The purpose of child support is to ensure that children are not deprived
of an acceptable standard of living after parents get a
legal separation or
divorce. With this in mind, Colorado state law applies a model referred to as
"income shares" when determining which parent will pay support
and how much he or she will pay. The primary deciding factors are the
amount of money each parent earns on a monthly basis and how much time
the child or children spend with each parent.
Typically, the parent who is awarded
child custody will end up receiving child support, and the amount paid will be in proportion
to the income of the paying parent. Unlike some states, Colorado uses
a formula that takes into account these factors, as well as matters such
as costs for child care and health insurance and whether either parent
is financially responsible for any other children from a previous relationship.
It is possible, however, for either parent to present evidence of why
it would be necessary to deviate from the formula based on extenuating
Calculating Child Support Payments
In Colorado, child support payments are calculated primarily by:
Number of children
If you have more children to care for, your child support payments will
likely be higher than someone with only one child. The state will also
take into account how much you can afford based on your gross income (minus
certain essential expenses). Child support payments can also fluctuate
depending on the custody arrangement. The more days per year the child/children
are with one parent, the more that parent can receive in child support payments.
Extraordinary child expenses, such as medical expenses, will also be taken
into account when calculating child support payments. These expenses might
include physical therapy, chronic health problems, education needs, special
modes of transportation, etc. In most cases, a need is "extraordinary"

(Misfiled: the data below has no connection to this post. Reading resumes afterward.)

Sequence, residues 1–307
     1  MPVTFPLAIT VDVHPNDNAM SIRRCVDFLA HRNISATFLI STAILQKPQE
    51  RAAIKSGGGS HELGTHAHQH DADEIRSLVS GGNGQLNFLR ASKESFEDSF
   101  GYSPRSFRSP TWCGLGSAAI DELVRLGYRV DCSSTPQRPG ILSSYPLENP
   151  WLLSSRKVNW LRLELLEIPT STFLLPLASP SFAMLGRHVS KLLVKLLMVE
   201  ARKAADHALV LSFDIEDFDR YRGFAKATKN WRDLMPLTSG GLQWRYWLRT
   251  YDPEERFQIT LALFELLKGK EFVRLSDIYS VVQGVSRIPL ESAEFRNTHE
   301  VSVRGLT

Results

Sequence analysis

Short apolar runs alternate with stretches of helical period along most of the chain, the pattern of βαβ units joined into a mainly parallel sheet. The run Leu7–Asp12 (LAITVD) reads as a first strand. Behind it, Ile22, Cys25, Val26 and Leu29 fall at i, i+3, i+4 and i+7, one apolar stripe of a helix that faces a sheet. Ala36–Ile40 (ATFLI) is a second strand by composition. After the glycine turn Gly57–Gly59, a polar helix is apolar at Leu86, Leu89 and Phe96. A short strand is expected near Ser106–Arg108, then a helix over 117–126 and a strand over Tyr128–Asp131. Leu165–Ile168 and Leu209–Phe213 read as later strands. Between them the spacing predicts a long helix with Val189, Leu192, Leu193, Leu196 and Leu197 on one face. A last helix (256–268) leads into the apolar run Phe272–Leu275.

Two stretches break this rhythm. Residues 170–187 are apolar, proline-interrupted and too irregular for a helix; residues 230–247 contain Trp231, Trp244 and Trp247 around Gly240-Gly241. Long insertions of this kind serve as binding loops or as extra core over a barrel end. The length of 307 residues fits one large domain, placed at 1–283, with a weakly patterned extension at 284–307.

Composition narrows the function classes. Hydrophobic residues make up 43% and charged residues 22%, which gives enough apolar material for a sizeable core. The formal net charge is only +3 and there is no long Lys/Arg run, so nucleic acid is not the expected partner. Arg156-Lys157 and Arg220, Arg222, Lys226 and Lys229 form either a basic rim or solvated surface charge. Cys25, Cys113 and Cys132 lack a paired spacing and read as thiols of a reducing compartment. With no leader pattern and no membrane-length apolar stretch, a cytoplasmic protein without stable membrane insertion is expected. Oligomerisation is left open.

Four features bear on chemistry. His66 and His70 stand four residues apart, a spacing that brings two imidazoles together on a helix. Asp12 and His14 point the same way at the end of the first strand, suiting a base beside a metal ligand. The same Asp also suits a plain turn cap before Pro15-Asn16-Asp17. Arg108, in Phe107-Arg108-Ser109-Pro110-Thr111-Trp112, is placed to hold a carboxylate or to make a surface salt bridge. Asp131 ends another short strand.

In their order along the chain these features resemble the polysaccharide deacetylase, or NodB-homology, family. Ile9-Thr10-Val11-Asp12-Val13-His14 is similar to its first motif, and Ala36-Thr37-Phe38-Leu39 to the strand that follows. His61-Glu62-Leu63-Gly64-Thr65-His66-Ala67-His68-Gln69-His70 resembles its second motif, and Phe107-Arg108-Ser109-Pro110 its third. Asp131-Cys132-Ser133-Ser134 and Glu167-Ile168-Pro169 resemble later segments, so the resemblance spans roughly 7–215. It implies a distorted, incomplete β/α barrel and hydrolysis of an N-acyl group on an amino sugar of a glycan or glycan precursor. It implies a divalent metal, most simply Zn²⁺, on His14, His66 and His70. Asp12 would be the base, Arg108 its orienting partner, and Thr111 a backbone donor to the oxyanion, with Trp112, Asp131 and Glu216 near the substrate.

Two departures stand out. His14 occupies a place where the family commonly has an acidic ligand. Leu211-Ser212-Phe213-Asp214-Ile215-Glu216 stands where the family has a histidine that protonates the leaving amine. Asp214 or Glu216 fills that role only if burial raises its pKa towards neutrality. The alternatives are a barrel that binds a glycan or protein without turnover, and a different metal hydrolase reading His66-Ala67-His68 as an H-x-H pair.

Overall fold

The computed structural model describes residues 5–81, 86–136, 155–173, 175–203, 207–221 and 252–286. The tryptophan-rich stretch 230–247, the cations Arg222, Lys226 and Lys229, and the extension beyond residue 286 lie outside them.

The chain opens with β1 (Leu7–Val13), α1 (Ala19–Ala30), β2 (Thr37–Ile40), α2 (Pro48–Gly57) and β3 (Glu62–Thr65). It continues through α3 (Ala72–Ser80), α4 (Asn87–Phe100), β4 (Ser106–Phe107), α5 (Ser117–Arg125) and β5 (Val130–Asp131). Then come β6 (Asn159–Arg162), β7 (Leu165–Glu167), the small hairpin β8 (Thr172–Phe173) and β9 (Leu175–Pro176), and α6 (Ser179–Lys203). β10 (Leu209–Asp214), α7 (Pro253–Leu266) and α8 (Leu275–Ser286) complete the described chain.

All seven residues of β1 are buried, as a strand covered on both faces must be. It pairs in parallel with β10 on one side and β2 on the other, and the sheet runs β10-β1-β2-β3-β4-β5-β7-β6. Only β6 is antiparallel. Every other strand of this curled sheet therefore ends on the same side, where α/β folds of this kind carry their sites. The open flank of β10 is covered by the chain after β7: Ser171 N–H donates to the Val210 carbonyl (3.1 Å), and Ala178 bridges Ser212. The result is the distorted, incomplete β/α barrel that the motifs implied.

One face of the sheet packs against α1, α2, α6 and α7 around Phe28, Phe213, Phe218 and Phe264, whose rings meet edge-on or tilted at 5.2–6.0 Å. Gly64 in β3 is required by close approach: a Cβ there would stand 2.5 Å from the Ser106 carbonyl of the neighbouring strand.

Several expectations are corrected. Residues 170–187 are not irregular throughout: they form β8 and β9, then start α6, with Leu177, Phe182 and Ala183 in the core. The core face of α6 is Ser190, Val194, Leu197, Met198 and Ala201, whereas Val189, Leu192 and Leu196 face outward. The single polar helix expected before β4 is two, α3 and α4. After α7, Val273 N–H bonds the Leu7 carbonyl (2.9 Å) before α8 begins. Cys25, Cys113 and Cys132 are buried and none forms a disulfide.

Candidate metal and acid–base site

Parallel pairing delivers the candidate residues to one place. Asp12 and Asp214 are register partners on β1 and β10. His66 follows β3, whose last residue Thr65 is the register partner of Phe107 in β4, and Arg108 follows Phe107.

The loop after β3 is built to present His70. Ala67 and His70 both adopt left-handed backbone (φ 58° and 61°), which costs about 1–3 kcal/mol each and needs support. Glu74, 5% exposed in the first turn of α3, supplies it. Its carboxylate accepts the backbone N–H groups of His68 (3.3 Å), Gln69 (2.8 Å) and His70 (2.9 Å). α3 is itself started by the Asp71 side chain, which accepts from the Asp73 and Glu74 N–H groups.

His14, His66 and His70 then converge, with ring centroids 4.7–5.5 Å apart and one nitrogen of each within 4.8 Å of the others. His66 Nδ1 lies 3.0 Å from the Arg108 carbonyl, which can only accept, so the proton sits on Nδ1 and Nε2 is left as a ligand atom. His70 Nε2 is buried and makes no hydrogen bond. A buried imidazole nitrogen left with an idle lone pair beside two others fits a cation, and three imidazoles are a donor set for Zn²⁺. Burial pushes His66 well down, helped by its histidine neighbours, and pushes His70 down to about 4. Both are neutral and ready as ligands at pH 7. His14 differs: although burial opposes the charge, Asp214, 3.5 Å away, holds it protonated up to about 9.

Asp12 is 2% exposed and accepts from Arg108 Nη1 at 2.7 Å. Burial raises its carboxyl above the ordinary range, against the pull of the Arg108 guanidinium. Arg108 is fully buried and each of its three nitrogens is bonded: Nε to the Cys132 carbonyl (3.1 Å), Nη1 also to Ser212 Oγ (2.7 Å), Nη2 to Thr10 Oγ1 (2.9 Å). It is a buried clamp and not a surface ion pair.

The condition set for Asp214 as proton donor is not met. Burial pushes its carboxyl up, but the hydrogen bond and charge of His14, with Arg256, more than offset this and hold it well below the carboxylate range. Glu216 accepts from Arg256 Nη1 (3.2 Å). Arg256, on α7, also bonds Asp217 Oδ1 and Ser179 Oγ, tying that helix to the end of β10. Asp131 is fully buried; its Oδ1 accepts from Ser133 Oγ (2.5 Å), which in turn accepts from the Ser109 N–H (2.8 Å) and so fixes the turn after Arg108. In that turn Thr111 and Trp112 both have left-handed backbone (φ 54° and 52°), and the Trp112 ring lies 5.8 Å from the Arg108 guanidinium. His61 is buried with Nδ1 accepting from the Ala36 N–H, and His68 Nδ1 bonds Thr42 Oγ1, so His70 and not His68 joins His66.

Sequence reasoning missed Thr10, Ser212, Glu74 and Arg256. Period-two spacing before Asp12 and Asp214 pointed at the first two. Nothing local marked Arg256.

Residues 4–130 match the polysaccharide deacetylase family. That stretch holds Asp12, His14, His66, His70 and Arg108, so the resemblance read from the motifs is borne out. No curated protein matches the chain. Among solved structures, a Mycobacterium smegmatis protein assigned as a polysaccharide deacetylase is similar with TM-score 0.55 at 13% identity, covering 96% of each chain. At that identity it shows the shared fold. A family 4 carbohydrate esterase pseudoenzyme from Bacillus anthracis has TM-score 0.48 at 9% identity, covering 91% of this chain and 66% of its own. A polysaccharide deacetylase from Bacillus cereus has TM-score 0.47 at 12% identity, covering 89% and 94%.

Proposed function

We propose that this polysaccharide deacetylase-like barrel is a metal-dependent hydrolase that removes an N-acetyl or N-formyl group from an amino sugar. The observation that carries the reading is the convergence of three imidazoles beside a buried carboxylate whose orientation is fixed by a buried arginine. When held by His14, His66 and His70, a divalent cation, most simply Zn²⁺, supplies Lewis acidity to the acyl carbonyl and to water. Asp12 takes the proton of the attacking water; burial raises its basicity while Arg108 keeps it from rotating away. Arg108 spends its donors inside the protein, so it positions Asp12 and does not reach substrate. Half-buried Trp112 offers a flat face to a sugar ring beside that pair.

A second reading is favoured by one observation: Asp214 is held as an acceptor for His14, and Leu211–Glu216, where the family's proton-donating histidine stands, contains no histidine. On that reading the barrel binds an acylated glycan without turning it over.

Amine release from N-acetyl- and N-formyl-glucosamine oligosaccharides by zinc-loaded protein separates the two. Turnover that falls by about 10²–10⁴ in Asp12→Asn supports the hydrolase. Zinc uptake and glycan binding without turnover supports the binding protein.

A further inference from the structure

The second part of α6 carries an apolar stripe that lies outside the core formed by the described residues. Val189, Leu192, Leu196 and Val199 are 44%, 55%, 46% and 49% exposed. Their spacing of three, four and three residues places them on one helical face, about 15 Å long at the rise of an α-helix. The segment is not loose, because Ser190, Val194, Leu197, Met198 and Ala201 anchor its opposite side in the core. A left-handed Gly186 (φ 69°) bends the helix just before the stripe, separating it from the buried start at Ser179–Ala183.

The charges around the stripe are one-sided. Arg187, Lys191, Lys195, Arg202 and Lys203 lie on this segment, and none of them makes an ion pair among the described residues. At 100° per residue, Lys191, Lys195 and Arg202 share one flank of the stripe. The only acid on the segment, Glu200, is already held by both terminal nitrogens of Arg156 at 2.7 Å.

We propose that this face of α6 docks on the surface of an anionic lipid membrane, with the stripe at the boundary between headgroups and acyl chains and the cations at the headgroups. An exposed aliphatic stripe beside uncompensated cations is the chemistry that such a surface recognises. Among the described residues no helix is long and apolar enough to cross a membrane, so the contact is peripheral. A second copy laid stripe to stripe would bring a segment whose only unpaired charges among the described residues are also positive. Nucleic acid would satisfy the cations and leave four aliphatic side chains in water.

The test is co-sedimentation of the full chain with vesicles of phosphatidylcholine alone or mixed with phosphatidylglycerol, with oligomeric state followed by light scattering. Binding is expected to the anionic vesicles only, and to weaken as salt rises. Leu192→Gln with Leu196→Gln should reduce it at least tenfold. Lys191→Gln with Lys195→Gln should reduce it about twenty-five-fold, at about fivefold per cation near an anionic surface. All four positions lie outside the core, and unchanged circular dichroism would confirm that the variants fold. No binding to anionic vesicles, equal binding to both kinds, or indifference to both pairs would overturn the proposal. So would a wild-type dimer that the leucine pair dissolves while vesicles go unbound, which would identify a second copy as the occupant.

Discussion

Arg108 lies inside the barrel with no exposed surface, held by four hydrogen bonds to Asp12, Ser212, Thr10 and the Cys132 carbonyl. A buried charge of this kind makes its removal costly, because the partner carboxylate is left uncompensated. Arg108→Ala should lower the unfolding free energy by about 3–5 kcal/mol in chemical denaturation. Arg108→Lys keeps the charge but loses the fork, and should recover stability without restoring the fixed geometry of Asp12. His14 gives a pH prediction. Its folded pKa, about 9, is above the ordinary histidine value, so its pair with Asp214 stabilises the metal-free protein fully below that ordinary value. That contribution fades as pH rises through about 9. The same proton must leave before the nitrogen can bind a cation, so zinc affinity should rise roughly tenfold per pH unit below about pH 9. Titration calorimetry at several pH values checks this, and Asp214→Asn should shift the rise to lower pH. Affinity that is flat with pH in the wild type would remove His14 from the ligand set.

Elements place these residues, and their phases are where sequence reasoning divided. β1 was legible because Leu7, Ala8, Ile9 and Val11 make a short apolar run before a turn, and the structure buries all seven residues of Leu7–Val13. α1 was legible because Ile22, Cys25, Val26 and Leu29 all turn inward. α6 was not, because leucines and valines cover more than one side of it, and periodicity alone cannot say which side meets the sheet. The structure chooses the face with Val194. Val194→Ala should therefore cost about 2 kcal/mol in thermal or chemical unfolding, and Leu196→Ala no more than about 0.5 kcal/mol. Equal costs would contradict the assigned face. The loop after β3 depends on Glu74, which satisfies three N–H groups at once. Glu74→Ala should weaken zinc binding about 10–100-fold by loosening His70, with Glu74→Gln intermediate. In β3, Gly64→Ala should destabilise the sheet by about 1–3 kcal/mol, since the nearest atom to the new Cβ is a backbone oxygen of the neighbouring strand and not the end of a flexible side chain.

if the need is not covered by insurance and it costs more than $250 per
child per year.
Shared Physical Care and Child Support
In the event that both parents share physical care of their child, child
support obligations must be computed for each parent. This is done by
multiplying each parent's child support obligation by the percentage of
time the child spends with the other parent. The parent who owes more
child support will be responsible for paying the difference between the
two amounts. This is applicable only in cases where each parent has physical
custody of their child for more than 92 nights per year. For more information
on calculating child support payments, visit the
Colorado Child Support Guideline or contact our firm directly.
Can I modify the child support payment amount?
If you have experienced a substantial change of circumstances that makes
the current child support payment amount unsustainable, then you can bring
a petition for
modification to the family law court. Common reasons for modifying a child support
order include job loss, a pay cut, and rising costs in paying for the
children's education, health care, and other needs. Either the recipient
or the paying parent may submit a modification petition. A Colorado Springs
family law attorney can help you present your case in order to persuade
the judge to rule in your favor.
Enlisting the Help of a Divorce Lawyer
The order to pay child support has the force of law, and if your former
spouse has fallen behind or is refusing to pay child support, then a Colorado
Springs divorce attorney from Clawson & Clawson, LLP can help you
seek legal recourse for
enforcement. Penalties for non-payment of child support can include a driver's license
suspension, wage garnishment (referred to as "income assignment"),
and even a criminal arrest for contempt of court and a sentence of jail time.
You have a right to demand that your former spouse carry his or her share
of the burden of providing for your children's needs.
Contact our firm today for assistance.